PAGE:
Lastly, in verse 15 we read that there is a prerequisite of forgiveness.  "But if you forgive not men their trespasses…."  The principle already implied is now stated explicitly.  We cannot expect divine forgiveness if we withhold it from others.  Your readiness to forgive (or lack of readiness) is very strong indication of your appreciation for divine forgiveness and is even a prerequisite for it!  How can you expect pardon from God when you withhold it?  To blithely refuse to forgive your fellow man is to flirt with divine condemnation toward yourself.  That potential should prompt every true believer to sober examination and reflection.
So, in summary, you are to forgive you fellow man because:  1) God commands that you forgive.  You do not have the prerogative to withhold it.  2) The Lord has forgiven you [the assumption is that the reader is a true believer].  3) Forgiveness is withheld by the Lord if you withhold it.  4) You are not to avenge yourself, but to leave that to God.  He will execute His justice in His time.  No amateur Providence allowed!  In forgiving because you have been forgiven, you will be strengthened in your walk, you will bring glory to God, and you will experience peace in your mind and with your fellow man.
All For Him,
Pastor Schlegel
Wednesday
Jan152014

What's Love Got To Do With It? - I John 4:7-12

What is love?  There have been many answers offered over the years, but in our current day the answers have become more and more irreconcilable and distant from any biblical foundation.  Should we accept the notion that love is merely a "secondhand emotion" (as Tina Turner sang)?  Is true love defined how we want it to be defined and according to our own experiences?  Is there a true and biblical definition which we should embrace?  The Scriptures do provide a definition and that definition begins with who God is.  Verse 7 says that the source of love is God.  So if He is the source, true love reflects His character and being.  That is, being made in the image of God, we have the capacity to love and be loved.  But that love must conform to God's love in order to truly be love.  Love is not merely (or primarily) an emotion or feeling, but is properly a reflection of the faithfulness and self-giving that is intrinsic to who God is.  Further, the apostle defines love both positively and negatively.  First, everyone who loves…knows God.  Notice, it does not say, “knows about God.”  Knowing God is more than mere head knowledge; it is close fellowship with Him.  Second, whoever does not love does not know God.  So, the lack of love demonstrates a lack of knowledge and fellowship.  And the reason for this is because, "God is Love."  The definition of love is inextricably tied up in the nature of God Himself.  It is not so much that God is a loving God, true as that is, but that the definition is seated in God’s unchanging character.  Love does not so much define God; God defines love.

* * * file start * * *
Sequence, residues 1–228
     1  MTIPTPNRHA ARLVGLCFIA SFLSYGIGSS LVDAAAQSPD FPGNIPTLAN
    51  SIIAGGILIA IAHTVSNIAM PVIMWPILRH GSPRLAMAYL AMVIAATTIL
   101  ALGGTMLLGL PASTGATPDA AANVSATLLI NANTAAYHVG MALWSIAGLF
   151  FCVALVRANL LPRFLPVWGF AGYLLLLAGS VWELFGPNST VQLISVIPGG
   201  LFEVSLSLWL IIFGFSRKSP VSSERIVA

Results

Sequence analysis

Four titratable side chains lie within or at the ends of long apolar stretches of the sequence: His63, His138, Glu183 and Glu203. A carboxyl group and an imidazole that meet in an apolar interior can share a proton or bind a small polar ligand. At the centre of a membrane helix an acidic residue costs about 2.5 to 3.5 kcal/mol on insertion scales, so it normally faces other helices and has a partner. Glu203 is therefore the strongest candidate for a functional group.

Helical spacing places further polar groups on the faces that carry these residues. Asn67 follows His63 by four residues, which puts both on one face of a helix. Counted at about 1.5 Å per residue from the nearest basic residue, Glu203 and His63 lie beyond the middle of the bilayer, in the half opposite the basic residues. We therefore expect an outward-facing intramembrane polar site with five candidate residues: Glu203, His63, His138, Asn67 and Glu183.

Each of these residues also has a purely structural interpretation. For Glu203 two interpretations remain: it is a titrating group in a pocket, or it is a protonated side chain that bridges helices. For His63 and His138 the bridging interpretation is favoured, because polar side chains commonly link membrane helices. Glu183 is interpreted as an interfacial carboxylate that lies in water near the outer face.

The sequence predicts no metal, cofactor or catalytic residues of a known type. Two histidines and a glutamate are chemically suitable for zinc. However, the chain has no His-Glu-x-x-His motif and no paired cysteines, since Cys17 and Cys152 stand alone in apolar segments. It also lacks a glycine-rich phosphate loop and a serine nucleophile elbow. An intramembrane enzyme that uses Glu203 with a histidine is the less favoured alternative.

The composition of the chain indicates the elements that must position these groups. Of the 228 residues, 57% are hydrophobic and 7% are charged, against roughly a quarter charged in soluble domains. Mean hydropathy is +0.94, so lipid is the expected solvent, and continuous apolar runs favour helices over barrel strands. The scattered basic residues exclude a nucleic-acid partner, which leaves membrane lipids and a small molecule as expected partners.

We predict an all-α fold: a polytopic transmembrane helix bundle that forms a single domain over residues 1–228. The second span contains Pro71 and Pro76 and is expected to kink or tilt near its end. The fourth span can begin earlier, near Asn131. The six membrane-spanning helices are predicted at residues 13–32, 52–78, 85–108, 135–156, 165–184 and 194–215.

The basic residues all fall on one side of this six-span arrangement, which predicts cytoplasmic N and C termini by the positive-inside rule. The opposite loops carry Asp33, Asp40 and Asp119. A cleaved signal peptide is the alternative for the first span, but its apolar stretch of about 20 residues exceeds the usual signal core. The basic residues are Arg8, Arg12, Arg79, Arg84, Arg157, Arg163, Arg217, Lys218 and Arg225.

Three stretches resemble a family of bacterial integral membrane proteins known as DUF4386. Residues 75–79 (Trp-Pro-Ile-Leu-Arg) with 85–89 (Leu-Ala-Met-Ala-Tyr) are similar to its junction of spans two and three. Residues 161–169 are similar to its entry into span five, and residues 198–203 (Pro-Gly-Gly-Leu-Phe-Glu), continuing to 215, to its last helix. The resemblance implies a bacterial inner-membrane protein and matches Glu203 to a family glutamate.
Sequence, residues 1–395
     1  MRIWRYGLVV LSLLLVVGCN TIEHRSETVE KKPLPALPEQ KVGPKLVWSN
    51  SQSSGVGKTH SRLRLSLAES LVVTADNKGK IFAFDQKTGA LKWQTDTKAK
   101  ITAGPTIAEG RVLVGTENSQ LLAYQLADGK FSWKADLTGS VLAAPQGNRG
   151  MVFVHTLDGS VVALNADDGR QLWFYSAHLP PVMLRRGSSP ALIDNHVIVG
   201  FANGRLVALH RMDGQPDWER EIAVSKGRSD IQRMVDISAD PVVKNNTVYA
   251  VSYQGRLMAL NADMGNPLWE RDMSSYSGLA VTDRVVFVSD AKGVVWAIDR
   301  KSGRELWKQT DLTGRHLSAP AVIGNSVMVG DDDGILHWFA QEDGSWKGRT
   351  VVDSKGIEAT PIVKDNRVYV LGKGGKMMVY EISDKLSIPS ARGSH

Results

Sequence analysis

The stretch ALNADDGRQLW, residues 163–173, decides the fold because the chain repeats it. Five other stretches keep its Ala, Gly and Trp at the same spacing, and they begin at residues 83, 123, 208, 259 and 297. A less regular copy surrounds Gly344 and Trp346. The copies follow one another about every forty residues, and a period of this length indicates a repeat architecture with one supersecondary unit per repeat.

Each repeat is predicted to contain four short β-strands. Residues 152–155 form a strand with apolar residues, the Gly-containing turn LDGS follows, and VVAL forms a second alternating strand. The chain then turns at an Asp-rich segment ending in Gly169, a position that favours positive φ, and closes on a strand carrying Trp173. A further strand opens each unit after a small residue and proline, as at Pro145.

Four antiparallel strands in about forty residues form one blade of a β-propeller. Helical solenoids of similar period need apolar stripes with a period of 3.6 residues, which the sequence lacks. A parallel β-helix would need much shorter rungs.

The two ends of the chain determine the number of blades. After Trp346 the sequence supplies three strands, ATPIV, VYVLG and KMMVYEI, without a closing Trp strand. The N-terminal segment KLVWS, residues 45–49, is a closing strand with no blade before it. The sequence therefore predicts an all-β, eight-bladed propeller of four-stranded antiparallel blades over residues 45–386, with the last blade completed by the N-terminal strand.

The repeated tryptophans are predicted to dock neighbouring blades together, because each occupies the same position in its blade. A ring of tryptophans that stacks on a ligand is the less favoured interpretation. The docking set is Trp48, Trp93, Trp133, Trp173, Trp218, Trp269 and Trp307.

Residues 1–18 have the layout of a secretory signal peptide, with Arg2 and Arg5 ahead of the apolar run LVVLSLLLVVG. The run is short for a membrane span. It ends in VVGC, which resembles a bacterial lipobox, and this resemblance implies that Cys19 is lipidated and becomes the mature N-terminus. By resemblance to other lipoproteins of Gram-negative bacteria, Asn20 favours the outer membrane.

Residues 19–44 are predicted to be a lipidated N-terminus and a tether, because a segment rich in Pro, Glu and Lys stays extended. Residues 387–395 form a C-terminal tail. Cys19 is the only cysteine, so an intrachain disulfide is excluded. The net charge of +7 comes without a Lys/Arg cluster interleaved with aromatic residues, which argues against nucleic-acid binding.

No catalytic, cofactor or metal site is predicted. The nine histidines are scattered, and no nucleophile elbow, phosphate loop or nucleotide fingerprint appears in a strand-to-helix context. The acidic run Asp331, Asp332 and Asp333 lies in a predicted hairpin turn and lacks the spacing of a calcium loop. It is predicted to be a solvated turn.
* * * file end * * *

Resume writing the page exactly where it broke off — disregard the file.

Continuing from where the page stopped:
The supreme example of such divine love is found in the giving of our Savior, Jesus Christ as verse 9 says.  This love was extended to His people, not because we loved Him, but because He loved us.  Lest we have the wrong idea, the Apostle begins with the negative.  There is nothing in us that would prompt us to love, or that is lovable.  Indeed, we were enemies and rebels.  Rom. 5:8 - "But God commendeth his love toward us, in that, while we were yet sinners, Christ died for us."  God is the source, and performs the primary act, of love.  The Father sent His Son to be our propitiation.  God’s wrath had to be satisfied and that satisfaction fell on Christ, the one given to us.  We could not turn away the just wrath of God ourselves and God provided what we never could in order to restore us.
 
This is all beautiful and wonderful theology, but theology without application is useless and the Apostle gives us the divine application.  Since God has loved us, we ought to also love one another.  If we claim to love the God who no one can see, and yet fail to love the one we can see, we are deceiving ourselves.  The invisibility of God reinforces the argument for response on our part.  We do not see God directly, but we do see the image of God in our brothers and sisters in Christ and even in those outside the household of faith.  So one of the ways we are called upon to demonstrate love to God is to show love to those around us.  True biblical love is not just warm and fuzzy feelings; it has an object.  This is true whether it is the divine love towards us, or our love to one another.  It is not disconnected from our everyday existence.  In the case of the divine love toward us, God’s love is perfected, that is, it finds its terminus, its desired goal and purpose in us.  God did not just take a handful of love, scatter it around the universe and we were lucky to have some fall to earth.  No, God’s love is particular, focused, and it has a purpose and that purpose is found in us, in our being reconciled.  And your reconciliation to God should not end there.  We are loved so that God may be glorified in us in this life in real, tangible ways; in particular with respect to our neighbors.